An island in Belmont Reservoir is now home to the UK’s largest colony of a protected species of gull.

More than 11,500 breeding pairs of black-headed gulls reared over 10,000 young at the reservoir this year, which is a record for the site.

The achievement is the result of two decades of conservation work by United Utilities estate staff working alongside experts and countryside regulator Natural England.

Ornithological consultant Stephen Martin said: “Even going back to before the 1990s, birds were breeding there in small numbers and were being encouraged by the water company, but in the summer, when water levels were lower the island became a promontory and predators kept the numbers down.

“The big difference came when United Utilities deepened the channel in 2010 and created an isolated island so foxes and rats could no longer get to the eggs and young.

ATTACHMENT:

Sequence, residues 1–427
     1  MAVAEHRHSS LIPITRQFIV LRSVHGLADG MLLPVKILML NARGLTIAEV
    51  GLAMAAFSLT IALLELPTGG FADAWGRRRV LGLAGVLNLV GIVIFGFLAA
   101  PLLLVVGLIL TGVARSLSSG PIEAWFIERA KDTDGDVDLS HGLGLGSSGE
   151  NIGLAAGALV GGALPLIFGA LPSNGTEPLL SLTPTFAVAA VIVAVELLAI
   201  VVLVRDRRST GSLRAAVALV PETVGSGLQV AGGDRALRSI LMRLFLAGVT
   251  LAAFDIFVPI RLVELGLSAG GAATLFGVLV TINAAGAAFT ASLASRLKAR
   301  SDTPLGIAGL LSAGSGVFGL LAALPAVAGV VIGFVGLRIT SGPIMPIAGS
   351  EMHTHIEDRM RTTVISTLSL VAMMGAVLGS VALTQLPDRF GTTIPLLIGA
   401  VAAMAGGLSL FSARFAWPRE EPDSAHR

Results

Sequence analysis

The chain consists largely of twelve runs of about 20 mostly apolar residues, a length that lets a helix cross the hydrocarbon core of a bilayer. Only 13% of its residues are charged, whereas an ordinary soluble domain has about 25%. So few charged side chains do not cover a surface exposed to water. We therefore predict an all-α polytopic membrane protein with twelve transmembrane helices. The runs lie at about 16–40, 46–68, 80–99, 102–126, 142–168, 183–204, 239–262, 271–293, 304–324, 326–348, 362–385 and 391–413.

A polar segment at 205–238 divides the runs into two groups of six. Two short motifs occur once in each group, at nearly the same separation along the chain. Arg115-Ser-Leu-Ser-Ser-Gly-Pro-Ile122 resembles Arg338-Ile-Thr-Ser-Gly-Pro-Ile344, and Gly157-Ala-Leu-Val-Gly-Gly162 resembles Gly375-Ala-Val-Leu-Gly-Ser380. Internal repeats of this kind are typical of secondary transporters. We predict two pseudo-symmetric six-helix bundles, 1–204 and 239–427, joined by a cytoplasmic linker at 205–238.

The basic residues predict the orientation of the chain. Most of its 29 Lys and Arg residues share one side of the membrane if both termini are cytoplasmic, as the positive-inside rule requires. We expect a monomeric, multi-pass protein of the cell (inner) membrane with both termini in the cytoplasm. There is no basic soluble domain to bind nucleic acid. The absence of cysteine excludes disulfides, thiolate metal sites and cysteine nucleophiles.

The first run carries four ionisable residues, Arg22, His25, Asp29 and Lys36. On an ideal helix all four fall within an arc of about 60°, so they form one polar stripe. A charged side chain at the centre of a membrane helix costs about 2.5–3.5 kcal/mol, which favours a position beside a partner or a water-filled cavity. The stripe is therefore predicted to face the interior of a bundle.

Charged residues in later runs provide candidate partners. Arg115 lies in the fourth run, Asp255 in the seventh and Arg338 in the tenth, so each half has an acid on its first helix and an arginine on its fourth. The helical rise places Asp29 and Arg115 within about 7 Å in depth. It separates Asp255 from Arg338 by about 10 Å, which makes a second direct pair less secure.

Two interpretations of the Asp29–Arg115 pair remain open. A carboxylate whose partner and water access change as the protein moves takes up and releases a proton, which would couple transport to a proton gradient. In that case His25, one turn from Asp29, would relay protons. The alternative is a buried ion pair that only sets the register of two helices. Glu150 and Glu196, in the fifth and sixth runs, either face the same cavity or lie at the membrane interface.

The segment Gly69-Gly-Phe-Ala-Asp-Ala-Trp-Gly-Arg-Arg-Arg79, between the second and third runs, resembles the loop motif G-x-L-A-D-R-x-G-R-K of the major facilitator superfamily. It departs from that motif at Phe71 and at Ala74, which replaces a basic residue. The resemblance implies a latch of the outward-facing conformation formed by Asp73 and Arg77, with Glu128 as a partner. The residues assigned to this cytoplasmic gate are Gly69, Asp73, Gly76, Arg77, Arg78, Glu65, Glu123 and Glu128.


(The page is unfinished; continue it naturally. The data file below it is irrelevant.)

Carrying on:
“It’s now a really important colony and one in 14 of all Britain’s breeding pairs come here to Belmont.

“When they’re nesting it’s amazing to see and hear. It’s one of nature’s great wildlife spectacles.”

The colony is particularly important as the black-headed gull has been in decline for the last 25 years.

Mr Martin said: “The young will tend to come back to their birthplace to nest if the site is still suitable, hence the growing numbers show our work is clearly suiting them.

“There is plenty around for them to eat, such as invertebrates like worms, beetles and flying ants.

“Once the young have fledged they scatter across the whole country but many will stay in the north west.

“Every year there’s lots of press about seabird colonies failing so we are always quite relieved when our gulls have been successful and departed. Then the whole process starts again next year.”